A new three-dimensional (3D) imaging method can identify sperm moving at high speed and may help select the best sperm for use in assisted conception.
Researchers from Tel Aviv University have developed 3D imaging which provides new insights into the movement and structure of freely swimming individual human sperm cells.
'In our study, we sought to develop an entirely new type of imaging technology that would provide as much information as possible about individual sperm cells... and has the potential for enabling the selection of optimal sperm in fertilisation treatments,' said senior author Professor Natan Shaked.
In natural fertilisation, the egg is fertilised by the fastest sperm to reach it, and this competition is believed to ensure that sperm with the highest-quality genetic material are successful. When performing intracytoplasmic sperm injection (ICSI) clinical embryologists must try to select the best sperm to create a healthy embryo, but this not straightforward. Many existing imaging techniques carry the possibility of causing DNA damage, and so cannot be used to analyse the quality of the sperm in case mutations are caused and passed on to the offspring.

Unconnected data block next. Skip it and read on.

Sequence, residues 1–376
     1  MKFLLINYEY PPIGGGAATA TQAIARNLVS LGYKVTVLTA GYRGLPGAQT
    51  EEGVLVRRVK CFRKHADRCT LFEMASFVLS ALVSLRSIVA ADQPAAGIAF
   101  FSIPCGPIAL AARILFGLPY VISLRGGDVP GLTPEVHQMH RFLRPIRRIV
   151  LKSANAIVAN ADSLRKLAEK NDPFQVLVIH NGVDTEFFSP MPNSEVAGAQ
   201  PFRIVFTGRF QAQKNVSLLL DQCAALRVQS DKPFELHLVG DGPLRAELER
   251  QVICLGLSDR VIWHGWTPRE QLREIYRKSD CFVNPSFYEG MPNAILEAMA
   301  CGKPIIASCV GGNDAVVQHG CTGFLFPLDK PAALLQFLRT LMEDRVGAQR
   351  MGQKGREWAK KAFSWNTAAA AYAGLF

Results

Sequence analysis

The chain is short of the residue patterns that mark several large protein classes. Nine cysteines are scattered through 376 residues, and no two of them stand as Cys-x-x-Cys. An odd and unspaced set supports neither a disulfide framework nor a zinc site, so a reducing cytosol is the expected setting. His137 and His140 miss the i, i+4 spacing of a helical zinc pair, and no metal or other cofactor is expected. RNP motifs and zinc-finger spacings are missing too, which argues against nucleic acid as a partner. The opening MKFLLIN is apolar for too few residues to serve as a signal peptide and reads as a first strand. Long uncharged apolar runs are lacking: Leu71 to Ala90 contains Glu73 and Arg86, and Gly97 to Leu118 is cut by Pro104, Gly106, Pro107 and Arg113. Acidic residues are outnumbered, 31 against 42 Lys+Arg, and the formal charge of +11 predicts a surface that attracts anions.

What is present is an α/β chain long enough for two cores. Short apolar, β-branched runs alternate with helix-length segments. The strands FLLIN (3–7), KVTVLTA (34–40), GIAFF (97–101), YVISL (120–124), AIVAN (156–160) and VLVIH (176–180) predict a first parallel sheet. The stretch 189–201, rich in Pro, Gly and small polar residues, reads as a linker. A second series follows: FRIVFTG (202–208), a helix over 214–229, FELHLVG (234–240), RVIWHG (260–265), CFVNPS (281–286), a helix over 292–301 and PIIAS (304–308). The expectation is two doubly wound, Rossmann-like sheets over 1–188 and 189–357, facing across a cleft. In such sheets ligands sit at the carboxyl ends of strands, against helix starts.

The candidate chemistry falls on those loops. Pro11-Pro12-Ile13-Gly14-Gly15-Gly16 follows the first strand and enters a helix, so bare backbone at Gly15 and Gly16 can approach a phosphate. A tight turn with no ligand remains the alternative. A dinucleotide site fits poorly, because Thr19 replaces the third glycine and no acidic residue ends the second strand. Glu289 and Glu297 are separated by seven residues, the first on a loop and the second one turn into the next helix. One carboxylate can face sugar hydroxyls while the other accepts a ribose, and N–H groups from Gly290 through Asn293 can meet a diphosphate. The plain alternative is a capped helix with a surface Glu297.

The new method uses light computed tomography (CT) to image sperm cells. CT scanners in a medical environment take x-ray measurements while rotating around a subject, creating a 3D reconstruction of the body.
To analyse sperm cells, the researchers took advantage of the natural dynamics of the sperm: while swimming forward, the head of a sperm is constantly rotating. Using harmless light instead of x-rays the team were able to create high-resolution, accurate 3D reconstructions of individual sperm cells, revealing details on the internal components and their correlation with the cell motion.
The method can also be used to assess male fertility by analysing the patient's live sperm.
'To help diagnose male fertility problems, we intend to use our new technique to shed light on the relationship between the 3D movement, structure and contents of sperm and its ability to fertilise an egg and produce a viable pregnancy,' said Professor Shaked. 'The new technology can greatly improve the selection of sperm cells in vitro, potentially increasing the chance of pregnancy and the birth of a healthy baby.'
The study was published in Science Advances.